• Our work suggests that under value-based reimbursement, indirect incentives may improve HIE infrastructure, but hospitals may be limiting HIE efforts to a few partner-specific connections, resulting in lower overall HIE volume.

Failures in information sharing between hospitals and postacute care providers following hospital discharge can result in higher-cost, lower-quality care.1-3 Electronic health information exchange (HIE) can improve the accessibility of information during hospital discharges, leading to cost savings and better outcomes.4,5 However, volume-based reimbursement does not create incentives for provider organizations to engage in HIE.4-8 Medicare’s alternative payment models (APMs) are expected to change this dynamic: By rewarding hospitals for improving the quality and cost-efficiency of care received across the care continuum, APMs create financial incentives for hospitals to engage in greater HIE.9 However, even under APMs, significant barriers, such as lack of technical standards across electronic health record (EHR) products, poor usability of HIE solutions, concerns about data security, and potential loss of profitable fee-for-service patients to competitors, may impede hospital pursuit of HIE.4,10

If hospitals participating in APMs are not engaging in greater HIE, it is an ominous sign about the potential for HIE growth, as it suggests that even aligned financial incentives are not strong enough to overcome these barriers. It is therefore important to not only assess whether APM participation is associated with greater hospital HIE, but to do so in a way that reflects the multiple ways that HIE can generate value under APMs. Given that avoiding hospital readmissions is a core performance metric under APMs, improving HIE between hospitals and postacute care providers is likely to be a prioritized use case for HIE.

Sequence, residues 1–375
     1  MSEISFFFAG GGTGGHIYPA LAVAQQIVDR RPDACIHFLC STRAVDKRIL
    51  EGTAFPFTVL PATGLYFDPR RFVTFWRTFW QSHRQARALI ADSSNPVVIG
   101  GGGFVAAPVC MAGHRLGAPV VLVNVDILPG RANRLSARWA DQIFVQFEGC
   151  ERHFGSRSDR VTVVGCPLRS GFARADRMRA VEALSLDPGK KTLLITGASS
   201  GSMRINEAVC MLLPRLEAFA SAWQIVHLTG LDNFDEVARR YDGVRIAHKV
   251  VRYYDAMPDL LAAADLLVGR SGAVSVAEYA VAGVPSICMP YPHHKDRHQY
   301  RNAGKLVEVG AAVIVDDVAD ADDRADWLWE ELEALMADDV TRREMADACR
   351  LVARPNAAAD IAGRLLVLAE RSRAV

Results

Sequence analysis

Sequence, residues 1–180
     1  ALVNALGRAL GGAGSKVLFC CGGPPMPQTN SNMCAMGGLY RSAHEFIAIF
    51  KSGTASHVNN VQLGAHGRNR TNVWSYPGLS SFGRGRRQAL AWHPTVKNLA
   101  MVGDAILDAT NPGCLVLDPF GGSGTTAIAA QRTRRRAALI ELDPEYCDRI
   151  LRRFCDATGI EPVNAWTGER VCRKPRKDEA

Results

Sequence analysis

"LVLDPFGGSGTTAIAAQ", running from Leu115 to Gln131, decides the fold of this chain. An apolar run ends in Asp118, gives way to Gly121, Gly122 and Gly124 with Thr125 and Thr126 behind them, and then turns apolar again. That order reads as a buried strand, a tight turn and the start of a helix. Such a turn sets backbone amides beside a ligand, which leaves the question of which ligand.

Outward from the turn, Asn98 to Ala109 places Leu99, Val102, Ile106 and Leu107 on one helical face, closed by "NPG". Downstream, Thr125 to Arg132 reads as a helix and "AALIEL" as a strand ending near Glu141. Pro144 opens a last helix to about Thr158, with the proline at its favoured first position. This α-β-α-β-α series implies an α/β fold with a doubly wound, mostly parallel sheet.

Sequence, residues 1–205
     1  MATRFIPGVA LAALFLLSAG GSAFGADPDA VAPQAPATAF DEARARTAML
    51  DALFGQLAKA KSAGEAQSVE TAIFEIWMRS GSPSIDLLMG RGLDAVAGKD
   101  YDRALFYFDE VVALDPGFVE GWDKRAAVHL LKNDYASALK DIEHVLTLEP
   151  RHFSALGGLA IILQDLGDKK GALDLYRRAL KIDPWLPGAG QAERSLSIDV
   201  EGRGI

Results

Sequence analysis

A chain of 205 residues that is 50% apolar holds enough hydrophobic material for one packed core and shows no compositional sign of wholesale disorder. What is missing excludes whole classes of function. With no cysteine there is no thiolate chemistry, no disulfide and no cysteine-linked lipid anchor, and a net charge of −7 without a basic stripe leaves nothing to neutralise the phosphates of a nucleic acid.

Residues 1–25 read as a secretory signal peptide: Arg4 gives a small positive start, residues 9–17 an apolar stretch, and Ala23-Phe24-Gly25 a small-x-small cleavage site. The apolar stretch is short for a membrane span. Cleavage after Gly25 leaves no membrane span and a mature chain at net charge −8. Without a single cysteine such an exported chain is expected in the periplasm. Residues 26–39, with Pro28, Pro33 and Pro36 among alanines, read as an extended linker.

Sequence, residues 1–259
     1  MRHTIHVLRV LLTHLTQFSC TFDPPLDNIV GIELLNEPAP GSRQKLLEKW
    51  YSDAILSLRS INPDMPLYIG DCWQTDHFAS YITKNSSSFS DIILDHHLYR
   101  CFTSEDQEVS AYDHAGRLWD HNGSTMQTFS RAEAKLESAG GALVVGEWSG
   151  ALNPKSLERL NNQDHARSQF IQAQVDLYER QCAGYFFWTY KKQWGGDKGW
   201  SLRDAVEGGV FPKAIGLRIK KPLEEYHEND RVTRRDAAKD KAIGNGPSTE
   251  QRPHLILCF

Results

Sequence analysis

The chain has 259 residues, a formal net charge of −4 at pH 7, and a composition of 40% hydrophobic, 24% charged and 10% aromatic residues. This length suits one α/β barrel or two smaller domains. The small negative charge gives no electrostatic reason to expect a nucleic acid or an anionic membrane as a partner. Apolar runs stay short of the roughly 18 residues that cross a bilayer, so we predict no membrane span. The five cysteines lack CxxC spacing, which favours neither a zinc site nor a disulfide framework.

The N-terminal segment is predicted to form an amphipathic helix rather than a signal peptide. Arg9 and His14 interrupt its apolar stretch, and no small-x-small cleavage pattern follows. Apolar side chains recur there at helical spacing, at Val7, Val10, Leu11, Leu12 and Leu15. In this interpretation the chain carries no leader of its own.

The extent of hospital HIE engagement with postacute care can be measured along 4 dimensions: volume, diversity, breadth, and depth.11 Volume refers to the proportion of discharged patients for whom data are transmitted electronically. Diversity refers to the types of data that are transmitted electronically. Breadth refers to the types of trading partners to whom data are electronically transmitted. Finally, depth refers to the nature of the technical approach through which data are transmitted (ie, push and/or pull).

Prior research on the association between APMs and HIE suggests that HIE is perceived as valuable to the achievement of financial rewards under APMs.12-14 However, these studies have not systematically examined whether hospitals in APMs engage in greater HIE or whether HIE efforts focus specifically on supporting care coordination following discharges.